4

(1) In general, what is meant by non-linear system in classical mechanics? A linear system is described by a set of differential equations that are a linear combination of the dependent variable and its derivatives. Some examples of linear systems in classical mechanics: A damped harmonic oscillator, $$m \frac{d^2 x(t)}{dt^2} + c \frac{d x(t)}{dt} + k ...


3

As requested by the OP, I gather my points in an answer. Linear systems Linear systems are systems which are linear with respect to a physical quantity. Mathematically, their evolution can be written as a (possibly differential) equation. Examples: A linear spring is linear in the sense that is produces a force proportional to the displacement it ...


4

A linear system is one whose dynamics obeys linear differential equations, in contrast with those that are non-linear whose dynamics obeys non-linear differential equations. So if the dyanmics of the variable $x(t)$ obeys a a differential equation $$f\left(x(t),\frac{d}{dt}x(t),\dots,\frac{d^n}{dt^n}x(t),t\right)=0,$$ if $x_1(t)$ and $x_2(t)$ are differente ...


0

This is a collection of resources related to complexity. Many physical systems can be represented with graphs: Quantum graphs Mechanical systems Complexity of a graph or a weighted graph is a notion established by algebraic geometry. http://arxiv.org/abs/0705.2284 (The weighted complexity and the determinant functions of graphs) Audrey Terras. Zeta ...


0

I understand that you're not talking about entropy (which is not the same as complexity or disorder), but $\text{complexity}$ is a rather subjective term. I would assume that the relative complexity of a system (which is broad in and of itself, by the way) would have to do with statistical analysis of its parts, the energy required to achieve a certain ...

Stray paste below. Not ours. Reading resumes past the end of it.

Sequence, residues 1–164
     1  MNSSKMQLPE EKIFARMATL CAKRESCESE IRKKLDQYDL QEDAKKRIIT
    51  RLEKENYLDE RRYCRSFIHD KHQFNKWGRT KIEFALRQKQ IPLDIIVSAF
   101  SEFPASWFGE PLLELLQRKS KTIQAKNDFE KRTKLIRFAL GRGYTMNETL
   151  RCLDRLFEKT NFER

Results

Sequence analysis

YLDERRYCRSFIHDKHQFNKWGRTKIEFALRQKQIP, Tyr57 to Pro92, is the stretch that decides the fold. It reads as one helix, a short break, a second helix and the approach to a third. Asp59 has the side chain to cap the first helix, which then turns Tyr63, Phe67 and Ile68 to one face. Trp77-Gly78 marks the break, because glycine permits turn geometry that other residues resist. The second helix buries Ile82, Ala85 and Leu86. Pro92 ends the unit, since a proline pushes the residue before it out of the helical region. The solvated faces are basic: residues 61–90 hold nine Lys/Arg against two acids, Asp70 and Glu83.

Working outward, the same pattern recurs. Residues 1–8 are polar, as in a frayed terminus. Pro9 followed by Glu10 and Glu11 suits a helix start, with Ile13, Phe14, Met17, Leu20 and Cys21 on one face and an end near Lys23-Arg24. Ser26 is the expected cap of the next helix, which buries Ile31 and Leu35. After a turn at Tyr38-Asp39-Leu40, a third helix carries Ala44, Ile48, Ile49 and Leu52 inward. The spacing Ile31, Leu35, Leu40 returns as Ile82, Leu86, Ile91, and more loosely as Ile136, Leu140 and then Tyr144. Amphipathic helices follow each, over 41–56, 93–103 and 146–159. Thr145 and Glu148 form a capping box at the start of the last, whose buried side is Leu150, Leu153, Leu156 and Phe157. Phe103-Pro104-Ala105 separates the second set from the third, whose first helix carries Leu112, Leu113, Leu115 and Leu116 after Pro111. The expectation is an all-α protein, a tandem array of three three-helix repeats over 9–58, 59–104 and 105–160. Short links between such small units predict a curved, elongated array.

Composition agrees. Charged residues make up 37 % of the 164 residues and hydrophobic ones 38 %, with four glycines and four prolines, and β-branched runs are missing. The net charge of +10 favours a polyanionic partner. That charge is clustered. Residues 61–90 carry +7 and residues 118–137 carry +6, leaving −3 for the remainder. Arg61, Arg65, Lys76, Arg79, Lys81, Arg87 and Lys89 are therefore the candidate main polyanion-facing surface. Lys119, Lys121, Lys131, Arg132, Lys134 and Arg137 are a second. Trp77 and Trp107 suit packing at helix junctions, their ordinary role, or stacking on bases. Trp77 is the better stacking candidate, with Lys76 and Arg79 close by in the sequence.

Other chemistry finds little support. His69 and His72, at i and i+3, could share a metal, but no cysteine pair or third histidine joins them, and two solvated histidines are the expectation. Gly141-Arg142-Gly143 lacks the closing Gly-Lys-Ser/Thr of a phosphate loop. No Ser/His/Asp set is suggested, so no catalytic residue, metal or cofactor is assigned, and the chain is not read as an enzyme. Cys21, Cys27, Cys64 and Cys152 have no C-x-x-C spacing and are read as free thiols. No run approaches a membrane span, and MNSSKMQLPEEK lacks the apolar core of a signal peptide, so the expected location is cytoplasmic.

0

Direct integration give you the time it takes to go between $v_1$ and $v_2$. $$ t = \int \limits_{v_1}^{v_2} \frac{1}{ \dot{v}(t)} \, {\rm d}v $$ So if $\dot{v}(t) = a_0 - \beta v^2$ then $$ t = \frac{1}{2 \sqrt{a_0 \beta}} \ln \left( \frac{a_0+\sqrt{a_0 \beta}(v_2-v_1)-\beta v_1 v_2 }{a_0-\sqrt{a_0 \beta}(v_2-v_1)-\beta v_1 v_2} \right) $$


2

I do not know if it is "plausible" (I do not think so), however a trivial model can be constructed for the one-dimensional case with continuous forces depending on velocities, for $c>0$ constant: $$F_{12}(v_1,v_2) = c\sqrt{|v_1-v_2|} \quad\mbox{and}\quad F_{21}(v_1,v_2) = -c\sqrt{|v_1-v_2|}$$ The system of these two particles does not admit a unique ...


0

The concept of an isolated system is an approximation. Like all approximations, it applies to some systems better than others. A billiard ball feels only a weak frictional force in the form of rolling resistance, whereas a wall typically has foundations buried in the ground which can provide a strong resistive force. Thus, the former system is closer to the ...


0

It all depends on what you want to study. The billiard balls are generally viewed as an isolated system for the purposes of explaining elastic collisions, but you could as well introduce friction with the pool table, and the consider the system balls+table as the isolated one. This just means you have to consider the friction. In the case of the car hitting ...